Sangamo BioSciences' CEO Discusses Q4 2011 Results - Earnings Call Transcript

Sangamo BioSciences, Inc. (SGMO)

Q4 2011 Earnings Call

February 8, 2012 5:00 p.m. ET


Elizabeth J. Wolffe, Ph.D. – Senior Director, Corporate Communications

Edward O. Lanphier II – President and Chief Executive Officer

H. Ward Wolff – Executive Vice President and Chief Financial Officer

Geoffrey M. Nichol, M.B., Ch.B. – Executive Vice President, Research and Development

Philip D. Gregory, D. Phil. - Vice President of Research and Chief Science Officer

Dale Ando, M.D. - Vice President, Therapeutic Development and Chief Medical Officer


Joseph Schwartz - Leerink Swann

Charles Duncan - JMP Securities

Ted Tenthoff - Piper Jaffray

Liana Moussatos - Wedbush Securities

Alastair Mackay - GARP Research



Good afternoon and welcome to the Sangamo BioSciences teleconference to discuss fourth quarter and full-year 2011 financial results. This call is being recorded. I will now pass you over to the coordinator for this event, Dr. Elizabeth Wolffe, Senior Director of Corporate Communications

Elizabeth Wolffe

Thank you. Good afternoon, and thank you for joining Sangamo's management team on our conference call to discuss the company's fourth quarter and full-year 2011 financial results. Also present during this call are several members of the Sangamo senior management team, including Edward Lanphier, President and CEO, Ward Wolffe, EVP and Chief Financial Officer, Geoff Nichol, Executive Vice President of Research and Development, Philip Gregory, VP of Research and Chief Scientific Officer; and Dale Ando, Vice President of Development and Chief Medical Officer.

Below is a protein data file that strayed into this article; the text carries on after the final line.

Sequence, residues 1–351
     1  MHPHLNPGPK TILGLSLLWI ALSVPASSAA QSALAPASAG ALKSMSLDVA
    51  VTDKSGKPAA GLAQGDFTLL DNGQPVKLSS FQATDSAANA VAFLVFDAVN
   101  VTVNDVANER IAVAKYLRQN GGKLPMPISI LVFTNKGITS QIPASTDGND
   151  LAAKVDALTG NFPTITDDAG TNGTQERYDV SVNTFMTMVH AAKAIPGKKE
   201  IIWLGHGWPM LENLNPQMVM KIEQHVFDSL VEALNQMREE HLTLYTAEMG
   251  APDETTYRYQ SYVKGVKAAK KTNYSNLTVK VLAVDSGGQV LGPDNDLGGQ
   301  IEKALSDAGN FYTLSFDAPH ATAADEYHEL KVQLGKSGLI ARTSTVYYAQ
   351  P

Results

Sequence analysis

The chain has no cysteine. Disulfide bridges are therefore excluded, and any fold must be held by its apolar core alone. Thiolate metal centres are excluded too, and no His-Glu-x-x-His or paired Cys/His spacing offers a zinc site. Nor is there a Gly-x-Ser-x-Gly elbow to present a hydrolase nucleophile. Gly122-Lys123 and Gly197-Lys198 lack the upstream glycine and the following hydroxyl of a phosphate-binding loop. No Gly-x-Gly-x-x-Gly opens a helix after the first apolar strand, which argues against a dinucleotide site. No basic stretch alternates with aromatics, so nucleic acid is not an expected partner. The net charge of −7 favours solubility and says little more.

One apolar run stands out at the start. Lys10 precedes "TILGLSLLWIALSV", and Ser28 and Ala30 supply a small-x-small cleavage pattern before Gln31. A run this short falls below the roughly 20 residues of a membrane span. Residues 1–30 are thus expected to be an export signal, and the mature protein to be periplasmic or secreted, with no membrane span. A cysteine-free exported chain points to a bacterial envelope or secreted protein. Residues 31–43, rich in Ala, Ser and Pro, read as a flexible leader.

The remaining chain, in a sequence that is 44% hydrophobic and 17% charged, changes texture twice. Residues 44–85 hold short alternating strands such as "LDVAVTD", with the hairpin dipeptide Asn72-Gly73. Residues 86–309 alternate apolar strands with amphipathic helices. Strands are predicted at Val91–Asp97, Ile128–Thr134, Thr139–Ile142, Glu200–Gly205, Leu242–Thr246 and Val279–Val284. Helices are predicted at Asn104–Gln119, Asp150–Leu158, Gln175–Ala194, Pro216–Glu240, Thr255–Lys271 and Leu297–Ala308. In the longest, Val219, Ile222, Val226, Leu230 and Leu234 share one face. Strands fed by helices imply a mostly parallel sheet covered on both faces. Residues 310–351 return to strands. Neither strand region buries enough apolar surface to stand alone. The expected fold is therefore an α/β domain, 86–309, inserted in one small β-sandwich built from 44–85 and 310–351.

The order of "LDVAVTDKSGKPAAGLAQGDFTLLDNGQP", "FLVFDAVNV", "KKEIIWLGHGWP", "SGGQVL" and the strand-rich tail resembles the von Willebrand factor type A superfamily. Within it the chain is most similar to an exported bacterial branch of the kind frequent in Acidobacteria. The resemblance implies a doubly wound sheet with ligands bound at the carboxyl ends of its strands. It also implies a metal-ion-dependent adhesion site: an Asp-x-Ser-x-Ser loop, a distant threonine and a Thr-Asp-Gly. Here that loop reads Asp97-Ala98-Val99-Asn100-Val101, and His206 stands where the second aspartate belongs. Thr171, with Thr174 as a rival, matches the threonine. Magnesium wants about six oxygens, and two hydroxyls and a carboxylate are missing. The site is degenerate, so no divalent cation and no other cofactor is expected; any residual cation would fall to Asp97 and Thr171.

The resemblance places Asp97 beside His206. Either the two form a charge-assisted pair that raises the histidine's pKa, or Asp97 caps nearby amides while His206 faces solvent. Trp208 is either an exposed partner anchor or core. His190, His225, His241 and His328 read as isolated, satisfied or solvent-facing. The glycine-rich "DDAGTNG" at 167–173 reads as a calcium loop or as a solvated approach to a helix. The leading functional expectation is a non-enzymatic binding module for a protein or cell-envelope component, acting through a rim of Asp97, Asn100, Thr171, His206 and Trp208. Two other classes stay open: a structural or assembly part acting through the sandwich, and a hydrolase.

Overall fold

Following this introduction, Edward will highlight recent activities and significant events from the past year. Ward will then briefly review fourth quarter and full-year financial results for 2011 as well as our financial guidance for 2012, Geoff will provide an update on our ZFP therapeutic program, and finally, Edward will update you on our goals for 2012. Following that, we will open up the call for questions.

As we begin, I'd like to remind everyone that the projections and forward-looking statements that we discuss during this conference call are based upon the information that we currently have available. This information will likely change over time. By discussing our current perception of the market and future performance of Sangamo with you today, we are not undertaking an obligation to provide updates in the future. Actual results may differ substantially from what we discuss today, and no one should assume at a later date that our comments from today are still valid.

We alert you to be aware of risks that are detailed in documents that the company files with the Securities and Exchange Commission, specifically, our quarterly reports on Form 10-Q and our annual report on Form 10-K. These documents include important factors that could cause the actual results of the company's operations to differ materially from those contained in our projections or forward-looking statements.

Now, I'd like to turn the call over to Edward.

Edward Lanphier

Thank you, Liz, and thank you all for joining us for our conference call to discuss our fourth quarter and full-year results for 2011 as well as our plans for 2012. This end-of-year call always provides a useful opportunity to reflect on the achievements and events of the past year and to lay out our path and goals for the year ahead.